Geometrical description of fractures with corrugated walls

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The domain is represented in a reference frame (X; Z) where X corresponds to the horizontal direction (the main ow direction) and Z to the vertical one. Gravity is taken into account and applies perpendicularly to the main ow direction (along Z).
Following the approach proposed by Nizkaya [27], we consider a two dimensional fracture having two rough walls with idealized periodic roughness described respectively by the func-tions 1(X) for the lower wall and 2(X) for the upper one (Figure (2.1)). The fracture total length is L1 and is thus de ned by the domain limited by X [0; L1] and Z [ 1(X); 2(X)].
The fracture walls corrugations are smooth so that @ 1;2(X) << 1. The fracture can be @X equally de ned by the local half aperture H(X) = 12 ( 2(X) 1(X)) and the fracture mid-dle line (X) = 12 ( 1(X) + 2(X)). The fracture walls are periodic and have the same corrugation wavelength L0, which is the characteristic length of the ow in the X direction.
The phase shift between the two walls is X and the corrugation amplitude of each wall is: A1;2 = 1 (max[ 1;2(X)] min[ 1;2(X)]).

Flow between parallel at walls: the cubic law

In an incompressible laminar ow generated by a pressure gradient along a channel con-sisting of two parallel planes (the parallel-plate model), the inertial terms are identically null and the steady ow can be expressed via equation (2.6). This problem has been thoroughly addressed in the literature. For instance, Zimmerman and Bodvarsson [69] recalled in detail all the equations and conditions Of the problem. We therefore recall here only the major conclusions.
If the wall length is much greater than the distance separating them, one can assume that only the X-component of the velocity vector is non-zero. In such case, the X-component of equation (2.6) is written as: (rP )X = @P = @2VX (2.7).
with rP the applied pressure gradient. If the distance between the two walls is H0, inte-grating equation (2.7) with the no-slip boundary conditions (Vx(0) = Vx(H0) = 0) leads to the following parabolic velocity pro le, similar to the one found in the so called Poiseuille ow: H02 4Z2 Vx = (rP )X (1 ) (2.8).

Table of contents :

1.1 Particle-ladenows: Basic concepts
1.1.1 Denition of particle inertia
1.1.2 Particle transport in closed channel ows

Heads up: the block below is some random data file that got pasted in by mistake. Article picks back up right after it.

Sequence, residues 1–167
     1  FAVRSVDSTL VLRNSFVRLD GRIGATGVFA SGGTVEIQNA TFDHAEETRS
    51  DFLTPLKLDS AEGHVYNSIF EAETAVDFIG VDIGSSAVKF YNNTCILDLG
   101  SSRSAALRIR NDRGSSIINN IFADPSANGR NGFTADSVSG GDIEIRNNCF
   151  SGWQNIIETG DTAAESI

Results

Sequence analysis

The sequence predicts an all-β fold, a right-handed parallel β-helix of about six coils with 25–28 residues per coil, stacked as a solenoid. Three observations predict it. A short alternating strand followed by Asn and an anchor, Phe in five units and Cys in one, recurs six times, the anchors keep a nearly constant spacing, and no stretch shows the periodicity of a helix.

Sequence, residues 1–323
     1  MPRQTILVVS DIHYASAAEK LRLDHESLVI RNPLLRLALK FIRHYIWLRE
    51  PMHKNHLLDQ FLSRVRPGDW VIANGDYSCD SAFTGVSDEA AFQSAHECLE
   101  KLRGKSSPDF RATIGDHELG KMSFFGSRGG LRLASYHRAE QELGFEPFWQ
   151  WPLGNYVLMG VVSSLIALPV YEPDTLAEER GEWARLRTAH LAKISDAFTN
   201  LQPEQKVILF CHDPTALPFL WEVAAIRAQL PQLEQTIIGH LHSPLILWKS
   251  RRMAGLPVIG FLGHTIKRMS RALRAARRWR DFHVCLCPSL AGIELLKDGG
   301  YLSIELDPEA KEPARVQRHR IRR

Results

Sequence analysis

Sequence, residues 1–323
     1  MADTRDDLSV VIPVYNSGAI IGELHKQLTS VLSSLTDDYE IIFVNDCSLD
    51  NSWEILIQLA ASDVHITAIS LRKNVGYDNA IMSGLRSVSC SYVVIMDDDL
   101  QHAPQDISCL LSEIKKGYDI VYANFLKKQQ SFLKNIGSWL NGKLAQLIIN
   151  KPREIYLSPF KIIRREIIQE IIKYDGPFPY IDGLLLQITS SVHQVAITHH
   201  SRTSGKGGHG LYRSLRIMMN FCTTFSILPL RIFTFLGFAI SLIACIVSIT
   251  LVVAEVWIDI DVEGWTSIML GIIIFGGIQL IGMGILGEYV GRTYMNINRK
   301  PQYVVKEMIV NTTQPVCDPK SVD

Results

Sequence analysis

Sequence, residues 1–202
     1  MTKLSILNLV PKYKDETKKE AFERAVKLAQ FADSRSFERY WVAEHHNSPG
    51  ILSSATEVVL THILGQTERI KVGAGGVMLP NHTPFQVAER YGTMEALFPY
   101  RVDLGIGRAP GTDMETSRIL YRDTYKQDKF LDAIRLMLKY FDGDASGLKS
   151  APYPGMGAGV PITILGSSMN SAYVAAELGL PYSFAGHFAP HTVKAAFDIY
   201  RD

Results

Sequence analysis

1.1.3 Focusing phenomena in closed channels
1.1.3.a. Lift-induced inertial migration
1.1.3.b. Preferential accumulation of particles in periodic channels
1.2 Flow in channels with at and corrugated walls
1.2.1 Modeling ow in rough fractures
1.2.2 Inertial eects in fracture ows
1.2.3 Idealized model of fracture geometry
2.1 Geometrical description of fractures with corrugated walls
2.2 Governing equations
2.2.1 Flow between parallel at walls: the cubic law
2.2.2 Flow between corrugated walls: the local cubic law
2.2.3 Flow velocity components in corrugated channels
2.3 Inuence of the fracture geometry on its hydraulic aperture
2.3.1 x eect
2.3.2 eect
2.4 Inuence of the fracture geometry on the validity of the LCL for dierent Reynolds numbers
2.4.1 Numerical Method
2.4.2 Low Re (< 1)
2.4.2.a. Relative error between the LCL and NS solutions for three reference geometries
2.4.2.b. Inuence of , 0, and x on the relative error between the
LCL and NS solutions
2.4.3 High Re (> 1)
2.4.3.a. Relative error between the LCL and NS solutions for the reference geometries
2.4.3.b. Inuence of , 0, and x on the relative error between the LCL and NS solutions
2.5 Discussions
2.5.1 Relation between the hydraulic and the mean apertures
2.5.2 Validity of the local cubic law for dierent Reynolds numbers
2.6 Conclusion
3.1 Governing equations
3.1.1 Forces acting on each particle
3.1.2 Particle motion equation and particle trajectory equation
3.1.2.a. Focusing of weakly inertial particles in channels with periodic walls
3.1.2.b. Trajectory equation of inertia-free particles
3.1.2.c. Channel with at walls
3.1.2.d. Channel with sinusoidal walls
3.2 Numerical verication
3.2.1 Simulation procedure
3.2.2 Results
3.2.2.a. Particle focusing
3.2.2.b. Particle trajectories
3.3 Particle transport regime diagrams
3.3.1 Channel with at walls
3.3.2 Corrugated channel with sinusoidal walls
3.3.2.a. Channel with in phase walls
3.3.2.b. Channel with out of phase identical walls
3.3.2.c. Channel with maximum phase lag between the walls
3.3.3 Summary
3.4 Conclusion
4.1 Experimental setup and procedure
4.1.1 Open channel with closed circuit ow
4.1.2 Fractures with at and sinusoidal walls
4.1.3 Liquid properties
4.1.4 Visualization and image treatment
4.2.4.a. Lighting
4.2.4.b. Camera and bench
4.1.5 Experimental procedure and image treatment
4.2 Preliminary results with poppy seeds
4.2.1 Particle properties
4.2.2 Transport with water as the operating liquid
4.3.2.a. Trajectory of a single particles
4.3.2.b. Inertial focusing of two particles
4.2.3 Transport with water-glycerin mixture as the operating liquid
4.3.3.a. Fracture with two at walls
4.3.3.b. Fracture with aat wall and a sinusoidal wall
4.3.3.c. Fracture with two sinusoidal walls
4.3 Conclusion